Several times I’ve mentioned some similarities between people and Bunny Rabbits and suggested that we must have a common ancestor not too far back. Further than the primate divide, but less than the deer / horse / bunny division.
Well, I finally got to look for it. The clade (group) is called “Glires”.
Rabbits and people can both eat onions. For many other herbivores, they are toxic.
Rabbits have a caecum that acts as a fermentation pouch. Like the stomachs of cows and sheep, but after the stomach and small intestine instead of in front. We have an appendix that is a ‘no longer used’ version of the same kind of intestinal fermentation pouch. (Some folks have postulated that the appendix may actually make some vitamins for us and might not be completely unused, thus the quotes).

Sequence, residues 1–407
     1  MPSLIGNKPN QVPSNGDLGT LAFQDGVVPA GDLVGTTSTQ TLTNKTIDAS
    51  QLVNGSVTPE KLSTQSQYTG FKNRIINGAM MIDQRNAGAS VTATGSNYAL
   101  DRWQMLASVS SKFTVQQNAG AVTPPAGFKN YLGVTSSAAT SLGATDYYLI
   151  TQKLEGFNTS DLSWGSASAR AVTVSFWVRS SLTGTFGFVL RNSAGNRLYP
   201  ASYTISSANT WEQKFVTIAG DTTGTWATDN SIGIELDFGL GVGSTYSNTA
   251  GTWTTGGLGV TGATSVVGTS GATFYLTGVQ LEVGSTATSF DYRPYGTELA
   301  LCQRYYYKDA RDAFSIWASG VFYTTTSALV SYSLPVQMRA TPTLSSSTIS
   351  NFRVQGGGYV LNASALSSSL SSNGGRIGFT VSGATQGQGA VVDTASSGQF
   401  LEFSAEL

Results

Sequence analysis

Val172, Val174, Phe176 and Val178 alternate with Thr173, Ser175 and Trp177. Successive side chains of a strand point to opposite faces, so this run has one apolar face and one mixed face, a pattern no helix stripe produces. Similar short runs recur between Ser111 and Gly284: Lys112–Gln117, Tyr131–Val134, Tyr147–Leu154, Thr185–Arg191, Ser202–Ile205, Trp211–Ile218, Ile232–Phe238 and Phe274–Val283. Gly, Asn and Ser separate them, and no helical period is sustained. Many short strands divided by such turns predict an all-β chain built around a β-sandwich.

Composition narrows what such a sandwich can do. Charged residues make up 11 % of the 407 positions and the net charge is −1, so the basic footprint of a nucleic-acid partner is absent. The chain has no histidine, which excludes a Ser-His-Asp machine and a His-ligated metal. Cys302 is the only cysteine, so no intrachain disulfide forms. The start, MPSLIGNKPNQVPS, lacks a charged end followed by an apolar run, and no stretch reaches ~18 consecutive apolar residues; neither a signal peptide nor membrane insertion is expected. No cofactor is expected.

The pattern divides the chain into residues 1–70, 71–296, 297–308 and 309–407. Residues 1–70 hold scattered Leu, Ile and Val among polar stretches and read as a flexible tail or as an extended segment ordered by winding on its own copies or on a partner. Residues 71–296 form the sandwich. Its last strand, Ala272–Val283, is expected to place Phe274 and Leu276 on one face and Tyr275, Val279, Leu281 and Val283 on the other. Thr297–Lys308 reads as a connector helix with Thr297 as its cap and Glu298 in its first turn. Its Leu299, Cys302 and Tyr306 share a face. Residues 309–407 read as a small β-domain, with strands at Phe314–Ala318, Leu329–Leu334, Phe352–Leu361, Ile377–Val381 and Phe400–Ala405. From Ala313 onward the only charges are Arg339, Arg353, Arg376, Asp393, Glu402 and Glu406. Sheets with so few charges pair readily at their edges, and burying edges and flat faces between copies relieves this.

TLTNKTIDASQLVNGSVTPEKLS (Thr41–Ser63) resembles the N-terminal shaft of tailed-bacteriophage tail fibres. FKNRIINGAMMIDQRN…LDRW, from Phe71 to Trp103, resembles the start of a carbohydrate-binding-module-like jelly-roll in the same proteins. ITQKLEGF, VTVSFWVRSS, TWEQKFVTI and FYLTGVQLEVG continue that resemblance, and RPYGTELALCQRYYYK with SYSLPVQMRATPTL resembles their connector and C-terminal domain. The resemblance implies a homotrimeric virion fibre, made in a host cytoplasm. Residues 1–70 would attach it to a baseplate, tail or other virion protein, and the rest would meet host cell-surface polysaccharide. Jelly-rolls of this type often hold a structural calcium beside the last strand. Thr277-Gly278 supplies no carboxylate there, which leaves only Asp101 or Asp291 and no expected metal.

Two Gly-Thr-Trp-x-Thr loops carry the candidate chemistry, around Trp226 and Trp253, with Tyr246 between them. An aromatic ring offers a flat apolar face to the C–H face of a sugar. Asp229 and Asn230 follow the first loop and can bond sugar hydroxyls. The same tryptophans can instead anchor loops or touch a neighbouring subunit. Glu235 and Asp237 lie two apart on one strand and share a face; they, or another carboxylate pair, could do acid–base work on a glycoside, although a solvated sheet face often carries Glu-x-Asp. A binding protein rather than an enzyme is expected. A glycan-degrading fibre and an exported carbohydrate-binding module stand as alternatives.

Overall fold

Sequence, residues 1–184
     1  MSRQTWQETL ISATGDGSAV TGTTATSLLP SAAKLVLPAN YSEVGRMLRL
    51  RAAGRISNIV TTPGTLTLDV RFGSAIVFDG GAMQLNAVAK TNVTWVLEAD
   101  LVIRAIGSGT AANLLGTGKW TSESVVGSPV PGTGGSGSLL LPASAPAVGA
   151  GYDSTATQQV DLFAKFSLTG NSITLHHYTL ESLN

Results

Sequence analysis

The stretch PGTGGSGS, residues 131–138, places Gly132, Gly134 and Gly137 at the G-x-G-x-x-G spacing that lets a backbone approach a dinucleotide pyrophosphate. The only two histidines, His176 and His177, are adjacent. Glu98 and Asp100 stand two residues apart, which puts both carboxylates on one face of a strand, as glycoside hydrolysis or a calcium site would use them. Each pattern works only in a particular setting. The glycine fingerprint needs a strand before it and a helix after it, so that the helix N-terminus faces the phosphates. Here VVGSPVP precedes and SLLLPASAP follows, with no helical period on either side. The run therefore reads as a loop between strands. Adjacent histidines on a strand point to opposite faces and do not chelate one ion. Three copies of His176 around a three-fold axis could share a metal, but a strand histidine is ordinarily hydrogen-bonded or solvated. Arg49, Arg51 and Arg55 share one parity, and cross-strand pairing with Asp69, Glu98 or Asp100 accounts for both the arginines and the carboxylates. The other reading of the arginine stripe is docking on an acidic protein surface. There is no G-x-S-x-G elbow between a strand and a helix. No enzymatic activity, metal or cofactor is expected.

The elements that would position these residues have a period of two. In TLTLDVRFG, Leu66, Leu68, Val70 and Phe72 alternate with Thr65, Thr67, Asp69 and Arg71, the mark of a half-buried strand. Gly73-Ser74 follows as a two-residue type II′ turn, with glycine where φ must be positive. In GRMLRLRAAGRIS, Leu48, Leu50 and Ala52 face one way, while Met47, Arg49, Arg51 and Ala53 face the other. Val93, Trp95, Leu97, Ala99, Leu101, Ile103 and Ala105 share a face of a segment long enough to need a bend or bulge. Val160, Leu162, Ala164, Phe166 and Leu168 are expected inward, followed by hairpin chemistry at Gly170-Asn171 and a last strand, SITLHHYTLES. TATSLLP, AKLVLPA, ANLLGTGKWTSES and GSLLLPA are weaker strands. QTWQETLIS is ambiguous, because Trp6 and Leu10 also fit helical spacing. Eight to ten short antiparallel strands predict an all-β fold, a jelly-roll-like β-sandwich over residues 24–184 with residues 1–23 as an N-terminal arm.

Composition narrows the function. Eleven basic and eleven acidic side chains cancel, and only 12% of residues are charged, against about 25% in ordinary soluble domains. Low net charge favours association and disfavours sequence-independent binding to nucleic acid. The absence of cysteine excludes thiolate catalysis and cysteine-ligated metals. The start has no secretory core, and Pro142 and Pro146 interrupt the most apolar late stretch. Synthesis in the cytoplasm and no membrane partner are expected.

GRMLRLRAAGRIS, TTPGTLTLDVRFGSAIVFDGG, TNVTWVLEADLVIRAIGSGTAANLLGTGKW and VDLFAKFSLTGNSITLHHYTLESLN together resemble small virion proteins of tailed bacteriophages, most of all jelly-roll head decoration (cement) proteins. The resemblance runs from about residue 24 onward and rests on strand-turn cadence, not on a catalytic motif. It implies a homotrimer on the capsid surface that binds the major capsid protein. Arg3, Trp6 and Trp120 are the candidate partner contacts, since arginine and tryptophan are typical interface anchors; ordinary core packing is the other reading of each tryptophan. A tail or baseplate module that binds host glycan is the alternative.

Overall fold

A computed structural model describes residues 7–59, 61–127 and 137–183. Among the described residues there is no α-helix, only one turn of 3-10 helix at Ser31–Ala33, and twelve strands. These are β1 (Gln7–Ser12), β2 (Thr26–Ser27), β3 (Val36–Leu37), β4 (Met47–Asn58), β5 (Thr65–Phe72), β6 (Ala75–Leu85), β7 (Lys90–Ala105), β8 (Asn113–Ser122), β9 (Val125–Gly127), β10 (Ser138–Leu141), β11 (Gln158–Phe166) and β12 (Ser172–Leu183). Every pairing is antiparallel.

There are other similarities, but those are two that stand out.
For a general and non-technical description:
For a more technical version:
The rabbit’s caecum is the largest organ in the digestive tract and it develops over about 1 month from birth to be truly functional. Initially young rabbits depend for their nutrition on milk which is high in fat and protein but contains only small amounts of lactose. The C8 and C10 fatty acids in milk fat are bacteriostatic and protect the young animal from invasion by detrimental organisms. As milk intake diminishes towards weaning the organisms that develop in the gastrointestinal tract particularly in the caecum depend on the type of carbohydrate and the protein flow into the caecum. Recent research has demonstrated an adverse effect of high protein diets on survival of rabbits after weaning and throughout the fattening period.